Today the Universal Church celebrates the Solemnity of the Immaculate Conception. I think of all the teachings of the Catholic Church, the Immaculate Conception is one of the most misunderstood by our Protestant brothers and sisters and, sadly, by Catholics. Take for example, the art that is associated with it (both pieces are titled “The Immaculate Conception”):
Artwork such as this, while attractive, doesn’t really help us to understand what the dogma is all about. Actually, it steers us in a direction away from what the dogma is about. If art doesn’t help us to understand the teaching, perhaps the Mass readings would help us understand it better. Unfortunately, the Gospel reading from Luke actually provides the most common misunderstanding of the dogma; specifically, that the Immaculate Conception is about Jesus’ conception. In fact, the teaching is not about Jesus’ conception, but about Mary’s conception.
So here is the exact wording that defines what the Church is teaching; it comes from the Apostolic Constitution Ineffabilis Deus issued by Pope Pius IX on December 8, 1854:
Declaramus, pronuntiamus et definimus doctrinam quae tenet beatissimam Virginem Mariam in primo instanti suae conceptionis fuisse singulari Omnipotentis Dei gratia et privilegio, intuitu meritorum Christi Jesu Salvatoris humani generis, ab omni originalis culpae labe praeservatam immunem, esse a Deo revelatam, atque idcirco ab omnibus fidelibus firmiter constanterque credendam
Oh, I suppose you want that in English…
“We declare, pronounce, and define that the doctrine which holds that the most Blessed Virgin Mary, in the first instance of her conception, by a singular grace and privilege granted by Almighty God, in view of the merits of Jesus Christ, the Savior of the human race, was preserved free from all stain of original sin, is a doctrine revealed by God and therefore to be believed firmly and constantly by all the faithful.”
So what is important to ask once we have the definition is: What does that really mean and why did God do this?
First, what does the definition mean? It has to do, primarily, with “original sin,” a concept that is unique to Christianity. That is why the first reading in the Mass for the Solemnity is from the third chapter of Genesis. Man was originally created in a “state of holiness and justice” whereby man would not have to suffer or die.” Instead of choosing to remain in such a state, “man preferred himself to God and by that very act scorned him” (CCC 375-376, 398). The net effect of “Adam’s sin” was a loss of his original holiness, not just for himself, but for “all human beings” (CCC 416). St Augustine taught that Adam and Eve’s sin was then passed down biologically to all human beings so that we all suffer from “the original sin,” even while we may not have done anything ourselves.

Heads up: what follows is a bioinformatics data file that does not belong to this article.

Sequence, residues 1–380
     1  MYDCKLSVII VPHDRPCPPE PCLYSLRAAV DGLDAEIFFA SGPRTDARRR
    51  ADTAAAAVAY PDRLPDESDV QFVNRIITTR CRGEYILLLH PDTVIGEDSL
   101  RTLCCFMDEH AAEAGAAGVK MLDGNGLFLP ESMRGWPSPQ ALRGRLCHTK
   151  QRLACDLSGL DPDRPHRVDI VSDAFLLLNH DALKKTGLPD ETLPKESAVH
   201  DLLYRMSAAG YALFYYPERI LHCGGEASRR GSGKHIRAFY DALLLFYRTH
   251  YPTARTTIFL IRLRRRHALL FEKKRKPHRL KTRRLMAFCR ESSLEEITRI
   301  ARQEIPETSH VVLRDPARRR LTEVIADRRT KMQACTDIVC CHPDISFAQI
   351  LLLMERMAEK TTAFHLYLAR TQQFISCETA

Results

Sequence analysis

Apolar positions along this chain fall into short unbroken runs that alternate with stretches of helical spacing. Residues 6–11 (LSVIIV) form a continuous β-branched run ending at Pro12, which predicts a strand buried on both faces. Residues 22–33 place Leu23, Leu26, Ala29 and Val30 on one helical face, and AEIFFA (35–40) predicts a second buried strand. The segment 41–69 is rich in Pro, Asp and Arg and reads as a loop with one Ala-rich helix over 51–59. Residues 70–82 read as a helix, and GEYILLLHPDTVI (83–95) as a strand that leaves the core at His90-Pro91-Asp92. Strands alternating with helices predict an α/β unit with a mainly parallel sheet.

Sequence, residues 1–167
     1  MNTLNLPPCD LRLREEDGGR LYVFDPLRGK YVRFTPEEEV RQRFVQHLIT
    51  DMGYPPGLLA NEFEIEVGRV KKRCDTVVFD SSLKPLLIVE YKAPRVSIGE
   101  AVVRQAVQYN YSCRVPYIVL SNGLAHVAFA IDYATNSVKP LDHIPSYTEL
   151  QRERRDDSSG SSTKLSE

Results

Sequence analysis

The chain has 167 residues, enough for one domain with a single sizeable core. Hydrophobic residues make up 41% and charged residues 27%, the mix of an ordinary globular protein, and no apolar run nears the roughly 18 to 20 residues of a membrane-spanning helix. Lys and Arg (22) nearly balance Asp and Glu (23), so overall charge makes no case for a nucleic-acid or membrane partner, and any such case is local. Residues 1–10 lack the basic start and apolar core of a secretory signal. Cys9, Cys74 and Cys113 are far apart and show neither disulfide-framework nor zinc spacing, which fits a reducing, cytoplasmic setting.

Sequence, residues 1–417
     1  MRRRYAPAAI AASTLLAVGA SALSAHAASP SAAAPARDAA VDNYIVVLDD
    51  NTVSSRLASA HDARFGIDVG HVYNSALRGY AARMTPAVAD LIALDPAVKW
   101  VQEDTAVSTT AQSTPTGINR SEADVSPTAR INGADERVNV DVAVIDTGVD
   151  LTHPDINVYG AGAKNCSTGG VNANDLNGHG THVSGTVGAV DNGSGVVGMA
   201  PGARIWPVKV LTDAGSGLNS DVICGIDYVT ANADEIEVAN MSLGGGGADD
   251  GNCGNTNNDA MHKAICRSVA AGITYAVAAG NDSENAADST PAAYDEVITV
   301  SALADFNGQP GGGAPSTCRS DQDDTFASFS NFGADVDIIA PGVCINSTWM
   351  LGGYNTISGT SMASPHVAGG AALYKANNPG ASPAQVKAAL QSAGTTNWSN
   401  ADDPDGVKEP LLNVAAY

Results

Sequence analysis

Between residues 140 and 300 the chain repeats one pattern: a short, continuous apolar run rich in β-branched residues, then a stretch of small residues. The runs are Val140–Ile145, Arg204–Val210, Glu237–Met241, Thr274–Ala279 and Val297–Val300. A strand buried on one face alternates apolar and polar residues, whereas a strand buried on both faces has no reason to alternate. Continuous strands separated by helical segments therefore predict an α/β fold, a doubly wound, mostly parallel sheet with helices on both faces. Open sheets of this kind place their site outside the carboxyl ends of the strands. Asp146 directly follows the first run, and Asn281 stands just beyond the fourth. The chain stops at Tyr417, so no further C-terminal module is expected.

The idea behind the dogma of the Immaculate Conception is that Mary was preserved from original sin, not because of anything Mary did so right, remember she hasn’t been born yet, but because of what Jesus Christ would do. We know (believe) that Jesus Christ was the Son of God who saved us from original sin so therefore he must be without original sin himself. However, if he was born of a human mother, how could he avoid being affected by the original sin in her? This is where the idea of the Immaculate Conception comes in. Mary was immaculately conceived in her mother’s womb. Now when Jesus is born of Mary, he would not be affected by that same sin.
So putting the technical aspects aside for a moment, we can turn to the second question; specifically, what was God’s motivation? If God is capable of preserving someone from original sin, why not just do it to Jesus while he is in Mary’s womb? Why Mary first? As I already stated, Mary’s sanctification was as a result of the merits of Jesus Christ in advance of his birth. God the Father granted Mary this “singular grace” to show what Jesus would do for all of humanity, for you and I. Sounds confusing? Stay with me, it’s going to get good.